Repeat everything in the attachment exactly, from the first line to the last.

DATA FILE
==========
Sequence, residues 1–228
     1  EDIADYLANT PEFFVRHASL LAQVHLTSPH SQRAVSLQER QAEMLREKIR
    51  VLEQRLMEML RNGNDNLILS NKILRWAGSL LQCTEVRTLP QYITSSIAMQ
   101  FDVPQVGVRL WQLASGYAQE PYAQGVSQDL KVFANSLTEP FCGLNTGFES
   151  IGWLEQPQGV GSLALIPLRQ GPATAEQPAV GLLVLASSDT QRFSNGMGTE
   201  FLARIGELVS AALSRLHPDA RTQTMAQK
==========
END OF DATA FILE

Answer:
Sequence, residues 1–228
     1  EDIADYLANT PEFFVRHASL LAQVHLTSPH SQRAVSLQER QAEMLREKIR
    51  VLEQRLMEML RNGNDNLILS NKILRWAGSL LQCTEVRTLP QYITSSIAMQ
   101  FDVPQVGVRL WQLASGYAQE PYAQGVSQDL KVFANSLTEP FCGLNTGFES
   151  IGWLEQPQGV GSLALIPLRQ GPATAEQPAV GLLVLASSDT QRFSNGMGTE
   201  FLARIGELVS AALSRLHPDA RTQTMAQK